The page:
According to Yankees closer David Robertson, the team has yet to reach out to him about a potential extension. For what it's worth, if you read between the lines, it sounds like he'd be open to an extension, though he's probably not going to give them any discount by saying "there's just been zero talks. When the offseason comes, it comes and we'll hear what other teams and everybody else wants to say." That sounds more like he's ready to test free agency and see who gives him the best offer.
The 29-year-old strikeout machine will be a free agent at the end of the season, and though they have Dellin Betances to take his place, if that is actually the direction they want to go in, the Yankees are better off with both in the bullpen going forward. The way this usually works is the veteran closer goes out and gets himself an expensive contract and the new young closer comes in and makes the league minimum. It makes perfect sense in terms of strategy, just not in this case. They could let D-Rob walk, save the money for something else, and use Dellin, but they don't have anyone to really replace Dellin and they don't really need to save money. These are the Yankees, they can have their cake and eat it too. Just keep both assets and have a better bullpen.
Think about it, who exactly is in the Yankees bullpen that has been that impressive this year? It's just Dellin and D-Rob. Adam Warren has a very pedestrian 4.58 ERA since June 1 and batters are hitting .311/.370/.432 against him over his last 18 innings. That doesn't sound like a bullpen building block for next year. Shawn Kelley has dealt with injury and ineffectiveness, you have Matt Thornton, who has been hit-or-miss this year, and then a rotating supply of randoms. They will all be here next year, but take away Robertson and you're left with Dellin-Kelley-Warren? That's not very promising.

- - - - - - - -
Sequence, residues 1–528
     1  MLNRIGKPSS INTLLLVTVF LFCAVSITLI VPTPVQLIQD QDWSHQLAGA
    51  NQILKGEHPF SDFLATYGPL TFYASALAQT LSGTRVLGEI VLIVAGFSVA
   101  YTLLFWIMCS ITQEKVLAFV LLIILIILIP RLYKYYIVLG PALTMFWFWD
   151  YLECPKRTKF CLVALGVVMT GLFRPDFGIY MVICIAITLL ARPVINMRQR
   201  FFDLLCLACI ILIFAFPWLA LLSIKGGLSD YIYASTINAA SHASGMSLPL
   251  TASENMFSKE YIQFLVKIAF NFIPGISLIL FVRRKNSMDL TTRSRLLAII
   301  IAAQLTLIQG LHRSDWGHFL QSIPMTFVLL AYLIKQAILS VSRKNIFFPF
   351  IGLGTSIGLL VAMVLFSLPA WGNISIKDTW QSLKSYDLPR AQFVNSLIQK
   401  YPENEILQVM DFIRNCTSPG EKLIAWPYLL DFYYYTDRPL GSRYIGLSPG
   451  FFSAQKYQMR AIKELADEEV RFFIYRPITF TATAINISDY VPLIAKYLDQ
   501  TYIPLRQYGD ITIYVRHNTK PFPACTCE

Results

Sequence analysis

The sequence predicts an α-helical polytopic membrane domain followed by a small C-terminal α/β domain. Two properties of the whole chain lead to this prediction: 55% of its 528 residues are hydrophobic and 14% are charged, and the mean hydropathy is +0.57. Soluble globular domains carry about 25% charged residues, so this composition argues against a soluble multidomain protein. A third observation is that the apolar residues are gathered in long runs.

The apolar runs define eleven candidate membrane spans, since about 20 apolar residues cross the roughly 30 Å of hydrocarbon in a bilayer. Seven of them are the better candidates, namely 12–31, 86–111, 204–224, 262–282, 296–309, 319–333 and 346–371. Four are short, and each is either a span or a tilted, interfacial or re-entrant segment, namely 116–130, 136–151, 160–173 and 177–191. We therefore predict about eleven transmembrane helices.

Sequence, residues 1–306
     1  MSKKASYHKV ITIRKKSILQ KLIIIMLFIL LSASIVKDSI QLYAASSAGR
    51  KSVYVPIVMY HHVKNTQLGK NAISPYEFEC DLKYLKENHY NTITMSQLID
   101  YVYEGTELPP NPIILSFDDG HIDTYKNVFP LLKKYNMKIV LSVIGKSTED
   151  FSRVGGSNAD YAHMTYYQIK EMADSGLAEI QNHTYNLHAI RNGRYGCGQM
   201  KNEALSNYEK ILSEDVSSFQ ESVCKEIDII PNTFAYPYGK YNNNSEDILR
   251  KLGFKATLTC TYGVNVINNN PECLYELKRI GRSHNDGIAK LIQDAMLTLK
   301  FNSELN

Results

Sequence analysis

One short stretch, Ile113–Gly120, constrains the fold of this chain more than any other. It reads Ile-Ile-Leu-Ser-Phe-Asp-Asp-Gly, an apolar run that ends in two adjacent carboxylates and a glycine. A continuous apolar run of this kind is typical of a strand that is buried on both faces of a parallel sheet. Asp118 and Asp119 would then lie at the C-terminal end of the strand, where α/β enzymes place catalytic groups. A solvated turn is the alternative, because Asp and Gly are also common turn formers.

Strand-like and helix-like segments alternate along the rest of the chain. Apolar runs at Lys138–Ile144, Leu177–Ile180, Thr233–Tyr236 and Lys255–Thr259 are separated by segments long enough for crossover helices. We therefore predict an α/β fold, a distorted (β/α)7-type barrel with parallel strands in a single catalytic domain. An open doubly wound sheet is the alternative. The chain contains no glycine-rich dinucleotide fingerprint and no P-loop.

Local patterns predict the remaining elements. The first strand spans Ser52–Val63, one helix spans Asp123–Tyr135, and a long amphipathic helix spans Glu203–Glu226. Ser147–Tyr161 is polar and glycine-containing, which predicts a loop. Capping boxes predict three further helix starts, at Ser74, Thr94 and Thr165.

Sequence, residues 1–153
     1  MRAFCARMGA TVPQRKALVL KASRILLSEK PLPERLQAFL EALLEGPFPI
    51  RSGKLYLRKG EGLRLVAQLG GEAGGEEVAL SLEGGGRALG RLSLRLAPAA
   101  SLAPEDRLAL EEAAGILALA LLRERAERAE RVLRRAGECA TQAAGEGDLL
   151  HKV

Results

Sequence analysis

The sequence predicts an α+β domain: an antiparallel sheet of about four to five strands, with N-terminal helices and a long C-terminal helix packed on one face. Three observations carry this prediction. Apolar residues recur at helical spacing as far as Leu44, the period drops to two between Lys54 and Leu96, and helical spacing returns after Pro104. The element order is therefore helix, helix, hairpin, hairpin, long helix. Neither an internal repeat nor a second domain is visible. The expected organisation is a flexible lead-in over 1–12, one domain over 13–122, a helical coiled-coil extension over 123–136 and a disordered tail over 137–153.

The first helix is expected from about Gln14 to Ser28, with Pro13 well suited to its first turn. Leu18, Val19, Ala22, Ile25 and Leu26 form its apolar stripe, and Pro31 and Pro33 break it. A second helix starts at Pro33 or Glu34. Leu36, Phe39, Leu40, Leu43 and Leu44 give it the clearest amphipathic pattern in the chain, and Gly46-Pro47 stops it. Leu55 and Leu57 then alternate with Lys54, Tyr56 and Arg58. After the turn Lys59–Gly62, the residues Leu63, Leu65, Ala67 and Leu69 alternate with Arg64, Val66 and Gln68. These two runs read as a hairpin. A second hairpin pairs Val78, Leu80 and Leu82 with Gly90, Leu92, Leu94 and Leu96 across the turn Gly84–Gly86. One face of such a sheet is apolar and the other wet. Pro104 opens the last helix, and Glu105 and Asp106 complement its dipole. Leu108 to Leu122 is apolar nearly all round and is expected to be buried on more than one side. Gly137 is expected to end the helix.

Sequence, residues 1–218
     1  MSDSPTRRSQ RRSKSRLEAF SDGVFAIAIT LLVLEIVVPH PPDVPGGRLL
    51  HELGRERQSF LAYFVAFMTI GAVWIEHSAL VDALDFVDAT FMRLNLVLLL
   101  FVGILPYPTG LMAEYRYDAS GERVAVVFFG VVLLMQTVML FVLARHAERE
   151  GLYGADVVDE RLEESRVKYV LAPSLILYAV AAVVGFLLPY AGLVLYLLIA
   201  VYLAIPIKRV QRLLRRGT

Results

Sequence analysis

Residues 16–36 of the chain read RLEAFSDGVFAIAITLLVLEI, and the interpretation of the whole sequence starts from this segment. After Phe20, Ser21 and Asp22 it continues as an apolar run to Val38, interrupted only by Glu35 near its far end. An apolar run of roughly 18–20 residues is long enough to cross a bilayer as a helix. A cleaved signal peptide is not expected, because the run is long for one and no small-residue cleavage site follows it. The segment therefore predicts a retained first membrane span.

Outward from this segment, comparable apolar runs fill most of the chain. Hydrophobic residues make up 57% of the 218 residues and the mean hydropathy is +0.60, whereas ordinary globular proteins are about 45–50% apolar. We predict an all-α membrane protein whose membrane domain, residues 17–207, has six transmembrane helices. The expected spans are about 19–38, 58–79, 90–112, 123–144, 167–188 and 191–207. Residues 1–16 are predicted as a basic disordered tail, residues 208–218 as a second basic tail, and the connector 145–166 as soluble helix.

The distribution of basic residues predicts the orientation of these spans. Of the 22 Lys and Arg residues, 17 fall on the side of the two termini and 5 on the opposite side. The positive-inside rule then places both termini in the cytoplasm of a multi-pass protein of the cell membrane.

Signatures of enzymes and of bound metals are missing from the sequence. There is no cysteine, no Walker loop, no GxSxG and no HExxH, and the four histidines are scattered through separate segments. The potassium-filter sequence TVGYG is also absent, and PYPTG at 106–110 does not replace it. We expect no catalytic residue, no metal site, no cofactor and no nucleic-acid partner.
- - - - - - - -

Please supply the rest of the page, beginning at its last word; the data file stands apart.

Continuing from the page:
Jose Ramirez, Preston Claiborne, Chase Whitley, and Shane Greene would likely all be in the running for a spot in next year's bullpen, but how effective would that corps or relievers be? Sure, you have Jacob Lindgren and Tyler Webb coming through the pipeline, but Mark Montgomery should be a cautionary tale for putting too much faith into a relief prospect. Betances can be an effective closer, but that's really all the faith I would have in that entire bullpen. They can afford to re-sign Robertson and take on the risk of a reliever on a long-term contract (not too long) and they need him to push the pecking order down one rung and keep some very questionable arms, like David Huff or Jim Miller, out of the bullpen.
They locked up Brett Gardner this past offseason, proving that they were open to the practice, however, their disinterest in doing the same with Robertson doesn't seem to be too thought out. Yes, there is a certain amount of risk with a reliever, but they really don't have much of a choice at the moment. You could say that the Yankees can easily add a veteran reliever on a free agent contract, but they won't. The Yankees don't spend money on external relievers unless they throw with their left hand or are mandated by the Steinbabies. Even with Betances, the Yankees need Robertson and that's not really a bad thing.
Now we're midway through the season and the team seems to be hovering in mediocrity; it might be nearly time to start thinking about next year. They broke down and extended Gardner mid-contract, but could the next step forward be a midseason extension?